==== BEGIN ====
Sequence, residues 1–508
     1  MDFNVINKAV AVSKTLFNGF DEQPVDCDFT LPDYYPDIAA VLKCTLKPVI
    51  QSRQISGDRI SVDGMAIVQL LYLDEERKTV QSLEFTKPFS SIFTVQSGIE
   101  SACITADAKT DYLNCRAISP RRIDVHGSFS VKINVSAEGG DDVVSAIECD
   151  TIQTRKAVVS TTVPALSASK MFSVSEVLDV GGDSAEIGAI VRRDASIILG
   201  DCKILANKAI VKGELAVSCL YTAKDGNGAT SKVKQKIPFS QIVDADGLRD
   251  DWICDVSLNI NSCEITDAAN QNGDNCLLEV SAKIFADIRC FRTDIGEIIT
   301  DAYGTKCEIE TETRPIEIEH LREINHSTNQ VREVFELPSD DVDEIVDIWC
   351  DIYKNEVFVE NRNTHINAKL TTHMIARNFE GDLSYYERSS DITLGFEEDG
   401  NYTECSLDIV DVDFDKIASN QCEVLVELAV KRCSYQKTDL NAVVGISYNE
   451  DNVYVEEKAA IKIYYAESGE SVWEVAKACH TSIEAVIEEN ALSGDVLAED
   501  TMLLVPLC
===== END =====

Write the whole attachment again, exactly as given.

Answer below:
Sequence, residues 1–508
     1  MDFNVINKAV AVSKTLFNGF DEQPVDCDFT LPDYYPDIAA VLKCTLKPVI
    51  QSRQISGDRI SVDGMAIVQL LYLDEERKTV QSLEFTKPFS SIFTVQSGIE
   101  SACITADAKT DYLNCRAISP RRIDVHGSFS VKINVSAEGG DDVVSAIECD
   151  TIQTRKAVVS TTVPALSASK MFSVSEVLDV GGDSAEIGAI VRRDASIILG
   201  DCKILANKAI VKGELAVSCL YTAKDGNGAT SKVKQKIPFS QIVDADGLRD
   251  DWICDVSLNI NSCEITDAAN QNGDNCLLEV SAKIFADIRC FRTDIGEIIT
   301  DAYGTKCEIE TETRPIEIEH LREINHSTNQ VREVFELPSD DVDEIVDIWC
   351  DIYKNEVFVE NRNTHINAKL TTHMIARNFE GDLSYYERSS DITLGFEEDG
   401  NYTECSLDIV DVDFDKIASN QCEVLVELAV KRCSYQKTDL NAVVGISYNE
   451  DNVYVEEKAA IKIYYAESGE SVWEVAKACH TSIEAVIEEN ALSGDVLAED
   501  TMLLVPLC